School Resource Officers act as a liaison, counselor, and authority figure to students across Bossier
For thousands of students, the first adult they see every day at school is not a teacher, or principal. It is a School Resource Officer, like Bossier Sheriff’s Deputy Chad Gauthier.
Gauthier has spent several years as a School Resource Officer (SRO) in Bossier Parish Schools. He is currently at Benton High School. He describes the school as a “little city,” where he walks the halls and makes many positive contacts in a day, while he gets to know as many students as possible.
“If it’s just a normal day, you will catch me out here in these hallways. I may even poke my head into a classroom, I may go sit in a class. Wherever the kids are, that’s where I want to be. I want to be visible and accessible to the kids,” said Gauthier.
SROs are members of the law enforcement community who teach. These men and women receive training in counseling and other skills that help them be effective in a school setting. Part of a SRO’s job is building relationships with students and faculty, and the job sometimes means being present at extracurricular activities.
SROs also receive extensive training to be prepared for different kinds of crises, including an active shooter. The state of Louisiana requires schools to complete emergency preparedness drills. Bossier Parish requires each school to complete at least two emergency preparedness drills per year. These drills can include a lockdown, evacuation and sometimes a reverse evacuation.
“We are immediate first responders for any and all critical incidents on campus, whether it’s an intruder, a student fight, or a health emergency. Having a SRO on the campus can eliminate several minutes of response time when seconds count. I can respond in the time it takes me to get down the hall,” said Gauthier. “I think it’s important for someone to be here and stand up and be that first responder.”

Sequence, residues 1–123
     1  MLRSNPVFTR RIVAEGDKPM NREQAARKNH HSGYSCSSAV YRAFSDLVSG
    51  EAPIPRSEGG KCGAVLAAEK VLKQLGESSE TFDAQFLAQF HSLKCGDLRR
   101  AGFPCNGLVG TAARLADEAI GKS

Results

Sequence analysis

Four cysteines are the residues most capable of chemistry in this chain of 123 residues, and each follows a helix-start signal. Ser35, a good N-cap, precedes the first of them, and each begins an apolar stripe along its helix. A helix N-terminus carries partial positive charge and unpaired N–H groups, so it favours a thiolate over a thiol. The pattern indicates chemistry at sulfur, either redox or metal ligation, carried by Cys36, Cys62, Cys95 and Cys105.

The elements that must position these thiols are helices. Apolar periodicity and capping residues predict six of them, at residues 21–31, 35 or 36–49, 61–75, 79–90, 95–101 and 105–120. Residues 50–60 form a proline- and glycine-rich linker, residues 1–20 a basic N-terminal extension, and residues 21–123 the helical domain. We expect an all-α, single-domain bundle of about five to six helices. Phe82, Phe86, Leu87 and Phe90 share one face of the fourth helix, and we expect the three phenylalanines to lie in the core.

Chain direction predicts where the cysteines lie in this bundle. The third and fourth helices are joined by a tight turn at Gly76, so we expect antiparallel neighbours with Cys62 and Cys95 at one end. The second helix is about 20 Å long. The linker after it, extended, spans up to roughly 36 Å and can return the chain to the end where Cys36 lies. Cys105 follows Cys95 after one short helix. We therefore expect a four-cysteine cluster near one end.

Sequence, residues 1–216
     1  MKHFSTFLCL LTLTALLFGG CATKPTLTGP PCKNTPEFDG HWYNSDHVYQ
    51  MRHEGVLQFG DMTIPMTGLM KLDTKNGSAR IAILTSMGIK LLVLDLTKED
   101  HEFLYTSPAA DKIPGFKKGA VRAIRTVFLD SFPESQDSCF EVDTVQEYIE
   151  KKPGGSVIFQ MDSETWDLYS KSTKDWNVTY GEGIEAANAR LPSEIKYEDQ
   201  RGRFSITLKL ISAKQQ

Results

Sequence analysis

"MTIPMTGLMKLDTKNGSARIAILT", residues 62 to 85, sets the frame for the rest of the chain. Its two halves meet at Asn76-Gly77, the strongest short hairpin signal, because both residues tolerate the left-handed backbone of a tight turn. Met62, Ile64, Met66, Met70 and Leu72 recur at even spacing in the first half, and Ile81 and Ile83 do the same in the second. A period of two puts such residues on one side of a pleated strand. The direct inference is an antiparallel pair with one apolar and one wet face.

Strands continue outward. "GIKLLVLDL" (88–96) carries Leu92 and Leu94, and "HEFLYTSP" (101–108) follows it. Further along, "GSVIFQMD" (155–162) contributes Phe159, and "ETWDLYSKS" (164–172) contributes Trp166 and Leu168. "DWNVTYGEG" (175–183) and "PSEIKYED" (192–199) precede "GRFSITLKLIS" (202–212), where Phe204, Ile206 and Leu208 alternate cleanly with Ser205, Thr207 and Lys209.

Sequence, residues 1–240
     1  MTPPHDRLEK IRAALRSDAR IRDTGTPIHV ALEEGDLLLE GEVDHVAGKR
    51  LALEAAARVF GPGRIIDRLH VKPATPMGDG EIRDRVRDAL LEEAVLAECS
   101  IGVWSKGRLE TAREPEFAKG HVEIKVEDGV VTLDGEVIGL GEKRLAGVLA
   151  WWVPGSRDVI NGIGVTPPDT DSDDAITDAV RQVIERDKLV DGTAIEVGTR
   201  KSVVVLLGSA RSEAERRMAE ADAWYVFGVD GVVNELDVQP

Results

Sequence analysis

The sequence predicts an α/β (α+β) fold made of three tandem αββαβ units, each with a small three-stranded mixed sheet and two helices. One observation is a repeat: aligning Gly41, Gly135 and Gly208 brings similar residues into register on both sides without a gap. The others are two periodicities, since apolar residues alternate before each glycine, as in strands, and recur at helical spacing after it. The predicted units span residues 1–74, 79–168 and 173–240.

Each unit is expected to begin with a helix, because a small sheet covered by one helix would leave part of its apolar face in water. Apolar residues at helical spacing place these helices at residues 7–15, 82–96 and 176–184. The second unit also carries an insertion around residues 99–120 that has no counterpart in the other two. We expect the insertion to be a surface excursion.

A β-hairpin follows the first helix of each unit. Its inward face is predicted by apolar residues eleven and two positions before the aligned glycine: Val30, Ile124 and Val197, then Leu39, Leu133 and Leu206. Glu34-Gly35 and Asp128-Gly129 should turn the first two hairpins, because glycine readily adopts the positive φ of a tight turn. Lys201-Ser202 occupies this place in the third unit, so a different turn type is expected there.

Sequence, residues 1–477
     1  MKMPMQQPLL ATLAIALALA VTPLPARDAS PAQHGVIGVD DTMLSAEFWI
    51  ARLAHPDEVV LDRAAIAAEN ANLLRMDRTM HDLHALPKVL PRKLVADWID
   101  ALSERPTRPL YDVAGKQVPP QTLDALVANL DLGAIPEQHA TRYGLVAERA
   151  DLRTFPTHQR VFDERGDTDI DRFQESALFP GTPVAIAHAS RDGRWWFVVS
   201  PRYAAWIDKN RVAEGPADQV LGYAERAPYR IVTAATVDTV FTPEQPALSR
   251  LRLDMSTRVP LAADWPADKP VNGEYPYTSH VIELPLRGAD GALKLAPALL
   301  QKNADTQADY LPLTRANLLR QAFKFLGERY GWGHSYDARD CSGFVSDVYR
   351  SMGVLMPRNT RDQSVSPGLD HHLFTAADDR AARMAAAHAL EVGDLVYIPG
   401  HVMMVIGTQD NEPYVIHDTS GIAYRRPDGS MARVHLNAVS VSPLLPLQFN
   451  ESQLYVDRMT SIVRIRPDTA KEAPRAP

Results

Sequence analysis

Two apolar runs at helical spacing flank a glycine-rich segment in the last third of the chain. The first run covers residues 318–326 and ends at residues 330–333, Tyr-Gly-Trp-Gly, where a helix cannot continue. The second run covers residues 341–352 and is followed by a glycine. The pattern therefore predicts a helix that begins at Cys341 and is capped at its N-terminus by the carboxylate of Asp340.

SROs are also part of education. SROs are often invited to be guest speakers in classrooms, where they provide law-related education to students, staff members, parents, and other community stakeholders. Officers teach juveniles about the importance of the justice system, respecting others and their property, and law enforcement career opportunities.
“We are a liaison between the school and police community. We not only enforce state and city laws, but provide campus security and intelligence. Our ultimate goal is to bridge the gap between adults and juveniles by developing a rapport. It takes time for kids to build trust,” said Gauthier.
SROs are also informal counselors who work to build positive relationships with students, which reduces crime, drug abuse and violence in their community.
“Students will come to us seeking advice. If they are having problems at home, with other students, or life in general, we’re here for them,” said Gauthier.
The Bossier Parish Sheriff’s Office views the SRO Program as an opportunity to continue the strong partnership with the Bossier Parish School District and to provide a safe working and learning environment for teachers, support staff, administrators, and students.
This year, the Bossier Sheriff’s office has nearly 50 deputies serving as SROs at Bossier Parish School campuses.
Those deputies are well-trained, P.O.S.T. – certified law enforcement officers, and Bossier Parish has the distinction of being only one of two parishes in the state of Louisiana to have such officers serving at every school in the district.
“Safety on our school campuses is very important, and we here in Bossier Parish are one of only two parishes in the state of Louisiana to have a law enforcement officer on every school campus, elementary, middle and high school,” said Bossier Sheriff Julian Whittington. “That says a lot about the support we have from our residents and the Bossier Parish School System.”